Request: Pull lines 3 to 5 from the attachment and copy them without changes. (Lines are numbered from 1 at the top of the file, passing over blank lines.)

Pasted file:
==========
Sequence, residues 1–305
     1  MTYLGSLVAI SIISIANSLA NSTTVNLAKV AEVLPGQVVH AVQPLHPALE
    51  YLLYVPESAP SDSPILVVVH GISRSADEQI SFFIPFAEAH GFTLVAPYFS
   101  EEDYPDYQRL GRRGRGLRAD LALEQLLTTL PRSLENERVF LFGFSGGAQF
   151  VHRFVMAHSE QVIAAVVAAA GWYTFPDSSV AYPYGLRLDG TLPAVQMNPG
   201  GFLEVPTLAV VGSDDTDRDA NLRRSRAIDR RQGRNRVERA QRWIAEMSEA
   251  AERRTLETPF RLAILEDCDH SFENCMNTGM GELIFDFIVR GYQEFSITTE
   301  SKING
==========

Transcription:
    51  YLLYVPESAP SDSPILVVVH GISRSADEQI SFFIPFAEAH GFTLVAPYFS
   101  EEDYPDYQRL GRRGRGLRAD LALEQLLTTL PRSLENERVF LFGFSGGAQF
   151  VHRFVMAHSE QVIAAVVAAA GWYTFPDSSV AYPYGLRLDG TLPAVQMNPG